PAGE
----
How to Make Your Photos More Meaningful

Don't settle for basic snapshots of your most important memories, use these tips to improve your photography skills and make your photos more meaningful. How to Make Your Photos More Meaningful ~ #photography #photos


When we are in a moment and hope that the memory of it will last, we sometimes take a photo to remind us. But too often, the photos we take focus more on saying “cheese” than on the real elements of the moment. Use these five tools to make your photos more meaningful today.


1. Get on the same level as your subject

Whether it is a child, a pet, your grandmother in a wheelchair, or Uncle Albert who used to play college basketball, get on your subject’s level. Try to see things from their point of view and look at things the way they might. Get a close-up of those ants your child notices marching across the sidewalk or snap a photo of Uncle Albert as he ducks under the chandelier in the dining room. Changing your own view point can make a huge difference in your photos.


2. Take un-posed shots

Going with the photo-taking favorite of “Say cheese!” will definitely get everyone’s attention, but it will also get you a lot of posed, inauthentic faces. Try going for more candid shots. Capture faces made during conversations, games, cooking dinner, and other moments. Grandma’s head-tilted-back laugh while she talks with her daughter or the intense focus on the faces of young cousins as they make mud pies, are the ones you’ll really treasure.


3. Capture raw emotion

You may not always think of pulling out the camera when emotions are running high, particularly in moments of sadness or frustration, but these may turn out to be some of your most moving, poignant photos and may help you process your own thoughts and feelings. When looking for opportunities to take such photos, consider taking your camera along (with permission, if needed) to major events like weddings, births, and homecomings. Look beyond the happy, posed photos and get closer to more intimate scenes. You’ll soon learn when and where you’re likely to find the most memorable images.


4. Capture personalities and passions

A truly wonderful photograph will embody the spirit of a person. Some of your most meaningful photo opportunities may come while a person is focused on something they love or showing their true self as they struggle, play, learn, or simply sit and think. Your job is to have your camera ready for those moments. You may also try projects that capture the many faces of a person as you ask them to run the gamut of their emotions. These can preserve the more simple memories you have of someone’s personality, like your child’s funny way of crinkling their nose when you talk about a food they dislike or your mother’s warm smile when you remind her of times you spent reading together.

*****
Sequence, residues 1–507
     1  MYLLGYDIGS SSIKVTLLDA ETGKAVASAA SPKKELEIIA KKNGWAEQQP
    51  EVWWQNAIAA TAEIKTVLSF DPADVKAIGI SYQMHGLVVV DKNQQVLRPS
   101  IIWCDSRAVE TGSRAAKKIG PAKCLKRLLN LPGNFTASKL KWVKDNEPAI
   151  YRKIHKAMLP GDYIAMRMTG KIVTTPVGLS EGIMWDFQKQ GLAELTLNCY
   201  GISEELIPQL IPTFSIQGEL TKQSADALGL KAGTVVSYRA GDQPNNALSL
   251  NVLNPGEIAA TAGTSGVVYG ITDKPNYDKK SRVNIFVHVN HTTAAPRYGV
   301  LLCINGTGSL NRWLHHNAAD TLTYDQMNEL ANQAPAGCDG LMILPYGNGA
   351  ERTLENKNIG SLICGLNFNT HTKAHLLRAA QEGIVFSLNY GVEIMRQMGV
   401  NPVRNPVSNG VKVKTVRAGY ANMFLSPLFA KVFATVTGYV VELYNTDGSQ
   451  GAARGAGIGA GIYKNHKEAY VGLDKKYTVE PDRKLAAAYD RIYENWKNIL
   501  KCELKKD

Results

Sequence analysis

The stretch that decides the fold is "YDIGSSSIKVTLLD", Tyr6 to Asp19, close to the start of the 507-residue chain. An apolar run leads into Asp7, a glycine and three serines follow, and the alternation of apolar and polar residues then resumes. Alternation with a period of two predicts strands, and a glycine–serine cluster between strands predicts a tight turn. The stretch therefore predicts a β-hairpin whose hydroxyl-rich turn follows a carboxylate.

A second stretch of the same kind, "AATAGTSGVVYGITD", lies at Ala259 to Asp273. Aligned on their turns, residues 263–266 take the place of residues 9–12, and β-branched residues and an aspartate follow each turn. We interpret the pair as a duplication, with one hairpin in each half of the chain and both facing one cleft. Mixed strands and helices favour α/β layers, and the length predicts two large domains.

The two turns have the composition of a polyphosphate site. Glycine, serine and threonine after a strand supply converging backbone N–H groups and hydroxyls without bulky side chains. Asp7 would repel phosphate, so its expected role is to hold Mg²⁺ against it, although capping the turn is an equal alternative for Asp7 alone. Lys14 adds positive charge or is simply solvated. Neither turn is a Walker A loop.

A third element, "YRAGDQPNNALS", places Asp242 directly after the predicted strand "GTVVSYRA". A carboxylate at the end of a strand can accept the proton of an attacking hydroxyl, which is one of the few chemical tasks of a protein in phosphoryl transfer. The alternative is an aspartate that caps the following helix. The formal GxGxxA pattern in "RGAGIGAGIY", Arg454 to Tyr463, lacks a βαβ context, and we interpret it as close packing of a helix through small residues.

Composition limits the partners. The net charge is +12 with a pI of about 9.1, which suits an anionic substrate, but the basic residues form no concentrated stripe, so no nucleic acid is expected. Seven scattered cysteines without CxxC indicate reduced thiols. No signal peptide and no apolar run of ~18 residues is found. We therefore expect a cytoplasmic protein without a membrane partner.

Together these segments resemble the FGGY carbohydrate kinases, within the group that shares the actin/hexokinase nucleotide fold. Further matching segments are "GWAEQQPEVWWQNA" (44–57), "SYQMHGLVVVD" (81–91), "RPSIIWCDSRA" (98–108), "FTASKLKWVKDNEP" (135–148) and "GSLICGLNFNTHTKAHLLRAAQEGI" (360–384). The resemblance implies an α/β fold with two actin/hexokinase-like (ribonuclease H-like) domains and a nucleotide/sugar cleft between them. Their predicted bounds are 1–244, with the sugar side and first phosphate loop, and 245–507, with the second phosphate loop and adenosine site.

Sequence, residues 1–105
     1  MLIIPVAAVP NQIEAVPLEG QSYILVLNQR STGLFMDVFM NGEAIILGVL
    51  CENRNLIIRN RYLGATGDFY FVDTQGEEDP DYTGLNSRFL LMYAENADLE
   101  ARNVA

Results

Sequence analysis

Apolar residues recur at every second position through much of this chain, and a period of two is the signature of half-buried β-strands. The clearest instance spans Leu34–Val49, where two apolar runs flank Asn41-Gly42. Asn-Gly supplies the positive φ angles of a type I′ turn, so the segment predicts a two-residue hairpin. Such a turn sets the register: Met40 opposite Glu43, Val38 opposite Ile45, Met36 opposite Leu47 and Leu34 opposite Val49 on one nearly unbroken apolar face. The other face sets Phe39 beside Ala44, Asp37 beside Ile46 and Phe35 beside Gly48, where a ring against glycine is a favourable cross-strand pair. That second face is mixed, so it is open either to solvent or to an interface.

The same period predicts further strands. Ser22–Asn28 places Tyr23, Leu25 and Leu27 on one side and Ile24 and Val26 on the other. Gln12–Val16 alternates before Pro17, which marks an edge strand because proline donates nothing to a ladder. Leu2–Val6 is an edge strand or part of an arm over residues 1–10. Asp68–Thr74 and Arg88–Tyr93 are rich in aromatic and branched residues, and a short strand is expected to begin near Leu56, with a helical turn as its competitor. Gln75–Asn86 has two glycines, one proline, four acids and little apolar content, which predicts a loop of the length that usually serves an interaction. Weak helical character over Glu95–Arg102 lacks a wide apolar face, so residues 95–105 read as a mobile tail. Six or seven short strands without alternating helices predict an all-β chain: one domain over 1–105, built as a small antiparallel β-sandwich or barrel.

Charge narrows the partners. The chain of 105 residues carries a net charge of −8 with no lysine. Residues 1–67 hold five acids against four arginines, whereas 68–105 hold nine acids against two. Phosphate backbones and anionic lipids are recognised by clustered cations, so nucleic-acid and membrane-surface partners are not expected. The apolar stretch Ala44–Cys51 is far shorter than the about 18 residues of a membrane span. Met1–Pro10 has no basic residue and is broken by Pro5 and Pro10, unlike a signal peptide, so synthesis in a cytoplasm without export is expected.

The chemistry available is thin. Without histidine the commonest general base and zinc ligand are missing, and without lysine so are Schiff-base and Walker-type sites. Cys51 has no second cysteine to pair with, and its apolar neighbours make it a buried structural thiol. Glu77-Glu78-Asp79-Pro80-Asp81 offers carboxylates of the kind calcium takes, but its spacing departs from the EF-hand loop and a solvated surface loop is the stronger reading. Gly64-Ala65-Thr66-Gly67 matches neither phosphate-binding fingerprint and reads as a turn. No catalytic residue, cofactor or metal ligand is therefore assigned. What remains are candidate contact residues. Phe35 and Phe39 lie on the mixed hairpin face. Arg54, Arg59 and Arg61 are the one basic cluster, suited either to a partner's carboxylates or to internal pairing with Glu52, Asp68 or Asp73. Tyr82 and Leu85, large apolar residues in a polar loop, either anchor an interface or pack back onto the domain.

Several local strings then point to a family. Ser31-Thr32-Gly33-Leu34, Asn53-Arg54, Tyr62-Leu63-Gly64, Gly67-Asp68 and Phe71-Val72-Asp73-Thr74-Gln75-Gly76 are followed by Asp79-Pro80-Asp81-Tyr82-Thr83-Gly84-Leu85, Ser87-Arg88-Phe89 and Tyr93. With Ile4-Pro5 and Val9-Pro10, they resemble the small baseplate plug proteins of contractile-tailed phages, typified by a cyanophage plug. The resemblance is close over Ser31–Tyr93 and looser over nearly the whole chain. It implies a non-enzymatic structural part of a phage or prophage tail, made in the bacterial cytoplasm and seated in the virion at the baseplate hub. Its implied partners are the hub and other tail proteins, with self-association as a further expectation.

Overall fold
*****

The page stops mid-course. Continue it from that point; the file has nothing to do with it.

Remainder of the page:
5. Get closer or step back

If many of your photos feel more like they’re just a picture of a random scene than a real moment, change your proximity. In most cases, getting closer to your subjects makes the biggest difference. In other cases, you may want to try a new vantage point. Get up high and look down on a scene or down low and look up. Zoom in on details like hands, mouths, and eyes to cover all of the bits and pieces that describe your feelings in that moment.


Once you’ve added these methods to your photography arsenal, remember to print and cherish your photos rather than leaving the memories to fade on your computer’s hard drive. A photo meant to capture a memory is only as meaningful as the conversations it sparks when it is viewed.



Kayla Lilly is a photographer, writer, wife, and mama making a house a home in eastern Idaho. She met her mister while working at an amusement park and married him a year later after deciding there was no way to live without him. The amusement has continued as they’ve added three kids and a passel of pets to their lives while finishing college and starting a photography business. Drawing inspiration from the whirlwinds of marriage, parenthood, and the media, Kayla blogs at Utterly Inexperienced, and spends the rest of her time chasing chickens, organizing junk drawers, diapering toddlers, and photographing everyone willing to step in front of her lens.


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